The main function of managers of all stripes (according to me) is to solve coordination problems. However, there are also “autonomous” systems for solving some specific kinds of coordination problems - markets, in particular, are a major example. But these are limited to problems which fit their interface well - i.e. a high degree of standardization, in the transactions if not the products themselves. A requirement for large amounts of context, or difficulty recognizing success even in hindsight creates problems for markets.
I could imagine systems which solve (some) more context-heavy or alignment-limited coordination problems, with the scalability and decentralized “autonomy” of markets. Management/governance via prediction markets is one class of ideas in this vein, but it seems like modern information technology should open up many other possibilities. The way I picture it, it's not so much "build an AI to run a company" as "organize the company so its constituent people together implement the same algorithm the AI would". Just like competitive markets perform a variant of backprop and gradient descent, other AI algorithms should have equivalent structures in human organization.
In recent years, availability of information/data has grown much faster than our ability to index it. Matching particular people with the highest-value information for them - i.e. indexing the information - is largely a social technology problem, though one which benefits a lot from computer science.
Suppose I'm researching mutations of mitochondrial DNA. Perhaps the topic has been studied by a particular group separate from the main field, with different aims and entirely different jargon. A text search for the normal jargon won't turn up their work, no matter how helpful and relevant it might be. In order to find something like that, we need some kind of jargon-independent indexing. For instance, if we had a detailed world-model, then we could link the information directly to structures in the world-model (i.e. modelled mitochondria). If we had extensive augmented reality, we use object recognition to recognize mitochondria visually, and then index information to that - so that even research using a different word for "mitochondria" would pop up when looking at a picture of a mitochondrion.
More generally, it would be useful to be able to index information based on the real-world patterns or mathematical structures they involve. This seems like something which could, in principle, be implemented purely socially, if we knew a good way to do it. (I'm sure people have tried things like this before, but usually projects like these try to use data structures which are convenient for programming, rather than data structures which represent the world well.)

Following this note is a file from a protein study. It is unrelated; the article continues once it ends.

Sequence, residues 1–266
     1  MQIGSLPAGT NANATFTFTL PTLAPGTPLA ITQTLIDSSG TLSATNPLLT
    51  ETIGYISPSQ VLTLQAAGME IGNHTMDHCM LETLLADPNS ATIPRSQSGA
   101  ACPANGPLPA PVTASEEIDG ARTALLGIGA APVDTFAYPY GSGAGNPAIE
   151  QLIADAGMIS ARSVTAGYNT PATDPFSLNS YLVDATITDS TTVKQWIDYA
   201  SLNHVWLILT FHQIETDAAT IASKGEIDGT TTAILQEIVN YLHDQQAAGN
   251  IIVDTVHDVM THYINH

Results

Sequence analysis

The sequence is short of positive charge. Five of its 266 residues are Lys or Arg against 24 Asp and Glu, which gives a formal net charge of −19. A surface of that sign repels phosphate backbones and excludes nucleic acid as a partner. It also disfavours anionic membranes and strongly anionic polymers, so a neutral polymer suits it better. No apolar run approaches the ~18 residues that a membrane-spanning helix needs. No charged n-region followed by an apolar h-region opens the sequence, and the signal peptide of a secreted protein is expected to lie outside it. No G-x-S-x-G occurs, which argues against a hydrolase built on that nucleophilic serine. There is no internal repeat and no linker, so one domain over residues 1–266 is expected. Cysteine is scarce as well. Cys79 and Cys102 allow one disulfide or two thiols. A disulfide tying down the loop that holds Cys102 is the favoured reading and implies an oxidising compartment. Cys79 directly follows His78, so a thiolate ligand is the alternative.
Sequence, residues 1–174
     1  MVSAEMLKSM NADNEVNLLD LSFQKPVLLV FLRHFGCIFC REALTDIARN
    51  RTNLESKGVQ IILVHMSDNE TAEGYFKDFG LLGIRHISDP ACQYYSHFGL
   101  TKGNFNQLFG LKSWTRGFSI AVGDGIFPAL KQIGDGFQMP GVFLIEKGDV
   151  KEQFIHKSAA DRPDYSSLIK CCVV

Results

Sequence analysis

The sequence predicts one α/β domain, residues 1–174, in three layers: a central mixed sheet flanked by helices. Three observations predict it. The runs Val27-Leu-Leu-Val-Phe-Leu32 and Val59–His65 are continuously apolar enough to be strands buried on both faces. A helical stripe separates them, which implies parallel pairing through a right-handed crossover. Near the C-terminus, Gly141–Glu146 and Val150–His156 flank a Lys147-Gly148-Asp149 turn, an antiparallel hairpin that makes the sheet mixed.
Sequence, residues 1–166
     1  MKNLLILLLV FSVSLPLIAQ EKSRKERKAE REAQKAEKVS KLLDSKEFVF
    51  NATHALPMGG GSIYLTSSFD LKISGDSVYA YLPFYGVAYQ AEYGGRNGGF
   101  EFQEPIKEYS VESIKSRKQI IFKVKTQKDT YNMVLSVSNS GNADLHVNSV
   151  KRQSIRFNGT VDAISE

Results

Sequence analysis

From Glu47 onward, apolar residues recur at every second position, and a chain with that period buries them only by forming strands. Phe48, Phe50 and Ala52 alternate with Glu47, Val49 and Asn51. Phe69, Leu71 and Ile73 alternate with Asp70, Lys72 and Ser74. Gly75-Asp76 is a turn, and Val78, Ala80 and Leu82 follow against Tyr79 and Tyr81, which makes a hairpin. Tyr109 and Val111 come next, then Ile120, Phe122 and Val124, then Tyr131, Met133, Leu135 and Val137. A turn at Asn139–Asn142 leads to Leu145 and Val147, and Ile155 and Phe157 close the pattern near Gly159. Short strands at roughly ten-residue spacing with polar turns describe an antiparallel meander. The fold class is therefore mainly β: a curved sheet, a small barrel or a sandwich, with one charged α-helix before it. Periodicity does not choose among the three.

More Efficient Notation
People joke that Einstein's greatest invention was tensor index notation. Good mathematical notation makes a surprisingly large difference, as anyone who's used both assembly language and python can attest.
It seems to me that the main trend in mathematical notation from ~1850 to ~1950 was to introduce really bad notation for things which previously had no formal notation at all. (This is part of the more general trend of introducing not-very-good foundations for things which previously had no foundations. Set theory and Turing machines and the like were better than nothing, but they are more like assembly than Lisp.) I expect in the future, progress will come more from improving notation, as a side effect of the general project of refactoring mathematical foundations.
Continuing improvement in programming is, of course, a similar story. In that department, I think progress will come from better understanding the structure of the world around us, and incorporating those insights into programming languages (abstraction is one potential example).
Model-Based Financial Markets
Similar to Abram's suggestions for model-based prediction markets, as automated trading gains share of the financial markets, there's potential for financial systems which take advantage of the legibility of automated models.
In particular: modern markets direct capital to existing projects. Traders probably have some views about what projects would be really good investments, but the market does not have an easy mechanism to share those views with business founders/managers during the planning phase. Instead, it's guess and check: a founder/manager tries a project, and then finds out how much the market likes that project. Part of the problem here is that project-space is very high dimensional, so it's not easy to compress all the information from the traders into a low-dimensional price signal.
But with transparent automated traders, we could in principle use a backprop-like mechanism to identify projects which the traders think are promising, without the slow guess-and-check process.